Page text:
Evelyn Scott of Longview, Texas, recalls seeing a couple in lawn chairs sporting hand-lettered signs outside a local shopping center one Wednesday in the summer of 1996. Bruce and Judy Edge explained they were picketing the new nude XTC Tanning saloon. A few days earlier, Ms. Scott's 15-year-old grandson had joked, when he heard a nude carwash was opening in town, "Boy, I am going to have to get me a car." She grabbed a chair and joined the picketers in the Texas heat.
"We started talking and people started stopping. Soon a crowd had gathered, and a New Orleans man with a band declared, 'Why don't we have a revival on the parking lot Saturday!'" laughed Ms. Scott. WORLD covered Longview's fight against nearly a dozen sex-oriented businesses, known as SOBs ("Up from Potterville," Nov. 23, 1996). But did Longview have long-term success?
The battle raged one year. XTC Tanning was an early casualty, biting the dust after only 59 days. "That building is close to a church, a karate school for children, and just around the corner from my house," said 68-year-old Ms. Scott. "God sent [protesters] from everywhere. We were there from 10 in the morning till 10 at night, six days a week." On closing day, XTC employees celebrated with the protesters, eating cake and sipping punch. XTC workers also signed and presented to the protesters a metal bat used for security. One young XTC bouncer, who quit during the demonstrations, began attending church and now works at Good Shepherd hospital. A printing company now occupies that spot in the mall.
Twelve months of persistent pecking also beheaded East Texas Chicken Ranch, Longview's "all-nude steak house" and the toughest SOB egg to crack. "They turned their water sprinklers on us, but we just brought our umbrellas," said Ms. Scott. Ranch chicks, hoping to attract Dallasites headed east to Shreveport's casinos, used to flash the thick Highway 31 traffic and motion toward their driveway. After years of vacancy, the brick, two-story house is being white-washed for a family.
The protesting focused public attention on the issue, but the decisive blow landed when the city passed an ordinance that prohibits mixing nudity and alcohol. "We put petitions in Wal-Mart and in the mall for people to sign," said bookkeeper Ms. Scott. "Then we loaded an eight-feet-tall stack of petitions on a dolly and rolled it right into the courthouse, into the sheriff's office, then the district attorney's, and then we carried it to the mayor." A nightclub owner sued the city in 1996, claiming that the law stepped outside the Texas Alcoholic Beverage Code, but the Texas Court of Appeals in Tyler let the ordinance stand.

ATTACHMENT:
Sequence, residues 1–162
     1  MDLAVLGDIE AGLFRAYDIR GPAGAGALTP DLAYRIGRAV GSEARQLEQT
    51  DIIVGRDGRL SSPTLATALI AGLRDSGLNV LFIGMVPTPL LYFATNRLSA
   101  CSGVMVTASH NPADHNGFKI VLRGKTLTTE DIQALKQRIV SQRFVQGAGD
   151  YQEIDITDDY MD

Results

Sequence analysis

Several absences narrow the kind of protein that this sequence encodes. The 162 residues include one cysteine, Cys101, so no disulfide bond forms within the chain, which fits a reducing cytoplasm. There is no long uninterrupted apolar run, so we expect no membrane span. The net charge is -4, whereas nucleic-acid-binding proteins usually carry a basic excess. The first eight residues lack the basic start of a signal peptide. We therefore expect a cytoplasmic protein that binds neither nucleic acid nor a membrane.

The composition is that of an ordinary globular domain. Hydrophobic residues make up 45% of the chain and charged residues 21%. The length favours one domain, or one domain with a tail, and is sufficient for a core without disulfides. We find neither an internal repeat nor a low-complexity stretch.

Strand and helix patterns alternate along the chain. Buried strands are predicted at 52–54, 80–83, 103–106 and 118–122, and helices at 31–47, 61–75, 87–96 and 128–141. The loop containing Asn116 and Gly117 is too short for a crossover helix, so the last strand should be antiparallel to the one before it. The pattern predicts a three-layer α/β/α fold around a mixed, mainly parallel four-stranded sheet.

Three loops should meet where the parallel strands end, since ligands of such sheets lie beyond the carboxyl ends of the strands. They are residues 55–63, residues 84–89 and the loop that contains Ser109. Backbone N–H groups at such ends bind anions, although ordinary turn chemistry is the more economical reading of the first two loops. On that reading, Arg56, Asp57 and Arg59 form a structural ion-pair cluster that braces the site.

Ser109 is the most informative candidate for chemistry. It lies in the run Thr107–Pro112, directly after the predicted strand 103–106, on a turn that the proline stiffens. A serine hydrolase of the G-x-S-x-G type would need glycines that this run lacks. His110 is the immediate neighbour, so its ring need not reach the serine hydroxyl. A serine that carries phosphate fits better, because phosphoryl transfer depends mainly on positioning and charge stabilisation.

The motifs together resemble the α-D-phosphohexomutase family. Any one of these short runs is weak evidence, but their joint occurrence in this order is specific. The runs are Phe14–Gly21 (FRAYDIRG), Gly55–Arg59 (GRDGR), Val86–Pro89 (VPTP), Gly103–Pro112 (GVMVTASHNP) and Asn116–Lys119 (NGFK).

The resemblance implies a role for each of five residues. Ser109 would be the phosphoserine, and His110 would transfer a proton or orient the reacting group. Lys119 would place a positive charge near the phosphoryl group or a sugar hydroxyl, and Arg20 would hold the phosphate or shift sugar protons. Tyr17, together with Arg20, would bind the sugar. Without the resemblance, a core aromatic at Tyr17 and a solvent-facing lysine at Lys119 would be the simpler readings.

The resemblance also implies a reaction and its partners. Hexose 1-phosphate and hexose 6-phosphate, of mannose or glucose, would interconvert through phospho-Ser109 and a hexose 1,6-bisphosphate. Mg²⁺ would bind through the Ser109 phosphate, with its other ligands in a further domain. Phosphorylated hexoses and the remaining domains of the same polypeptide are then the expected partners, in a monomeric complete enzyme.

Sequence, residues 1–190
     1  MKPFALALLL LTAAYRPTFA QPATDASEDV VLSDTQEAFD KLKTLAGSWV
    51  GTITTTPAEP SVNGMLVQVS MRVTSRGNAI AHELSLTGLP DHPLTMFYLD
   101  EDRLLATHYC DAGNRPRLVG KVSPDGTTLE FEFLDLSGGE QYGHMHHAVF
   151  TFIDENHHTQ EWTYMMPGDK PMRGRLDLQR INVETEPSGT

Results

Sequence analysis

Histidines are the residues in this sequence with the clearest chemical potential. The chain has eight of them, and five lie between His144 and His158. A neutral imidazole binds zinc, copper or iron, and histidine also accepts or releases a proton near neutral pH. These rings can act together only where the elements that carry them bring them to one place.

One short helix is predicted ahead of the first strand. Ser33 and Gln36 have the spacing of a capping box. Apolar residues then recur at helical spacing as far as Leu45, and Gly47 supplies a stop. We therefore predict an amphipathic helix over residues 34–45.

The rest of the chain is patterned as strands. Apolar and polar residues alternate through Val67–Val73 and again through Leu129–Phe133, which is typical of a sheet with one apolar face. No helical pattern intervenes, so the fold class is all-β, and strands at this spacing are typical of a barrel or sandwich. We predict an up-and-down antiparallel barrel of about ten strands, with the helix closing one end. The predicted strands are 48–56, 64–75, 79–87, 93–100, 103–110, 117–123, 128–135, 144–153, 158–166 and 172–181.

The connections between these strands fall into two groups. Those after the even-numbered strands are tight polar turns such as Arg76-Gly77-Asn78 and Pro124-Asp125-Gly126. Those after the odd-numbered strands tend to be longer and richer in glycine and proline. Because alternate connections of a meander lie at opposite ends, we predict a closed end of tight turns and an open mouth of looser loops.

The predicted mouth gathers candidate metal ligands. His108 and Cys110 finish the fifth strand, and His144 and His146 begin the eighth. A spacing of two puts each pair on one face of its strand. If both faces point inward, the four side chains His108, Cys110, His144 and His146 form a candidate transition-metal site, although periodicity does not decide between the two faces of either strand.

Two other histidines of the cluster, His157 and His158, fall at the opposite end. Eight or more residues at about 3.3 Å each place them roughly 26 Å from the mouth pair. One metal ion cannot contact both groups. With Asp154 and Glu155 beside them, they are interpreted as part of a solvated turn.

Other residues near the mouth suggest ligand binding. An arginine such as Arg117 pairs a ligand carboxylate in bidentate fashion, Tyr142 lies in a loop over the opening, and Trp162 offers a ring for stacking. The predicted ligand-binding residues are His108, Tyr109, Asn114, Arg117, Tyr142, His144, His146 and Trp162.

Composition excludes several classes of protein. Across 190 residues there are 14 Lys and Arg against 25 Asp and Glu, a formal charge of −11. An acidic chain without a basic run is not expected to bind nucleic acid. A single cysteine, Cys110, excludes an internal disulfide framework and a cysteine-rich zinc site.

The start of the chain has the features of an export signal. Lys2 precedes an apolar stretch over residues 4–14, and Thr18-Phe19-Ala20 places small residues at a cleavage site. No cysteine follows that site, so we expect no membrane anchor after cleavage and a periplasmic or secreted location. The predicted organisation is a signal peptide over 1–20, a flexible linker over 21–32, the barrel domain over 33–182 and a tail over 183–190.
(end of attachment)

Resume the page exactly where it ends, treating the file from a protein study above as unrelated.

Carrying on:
During the Longview saga, Ms. Scott was elected President of Citizens Against Pornography in Texas (CAP-IT). CAP-IT has jumped from Longview to surrounding cities like Lufkin, Kilgore, Waskom, and Texarkana. "We went to Lufkin as a group with legal literature and the [SOB] didn't last long," said Ms. Scott.
But Longview's gains were nearly wiped out last year. On March 29, 2000, the U.S. Supreme Court upheld an Erie, Penn., ordinance prohibiting public nudity. Michael DePrimo, American Family Association Center for Law and Policy litigation counsel, said, "If the decision had gone the other way it would have been an unmitigated disaster for states and communities that regulate sexually oriented businesses." The ruling, he added, should encourage cities across the country to adopt similar restrictions to fight sex-oriented businesses.
No upstart nude SOBs have tried to open in Longview since the righteous ruckus cleaned out the town. "It was a year I'll never forget. I've always thought I was just one person. But I have found out that it takes just one person to get started," said Ms. Scott. "I laugh every time I drive downtown and the Executive Club is boarded up. It used to have big signs with lights that said 'Girls, girls, girls!' I am proud." And the grandsons? "They are proud, too."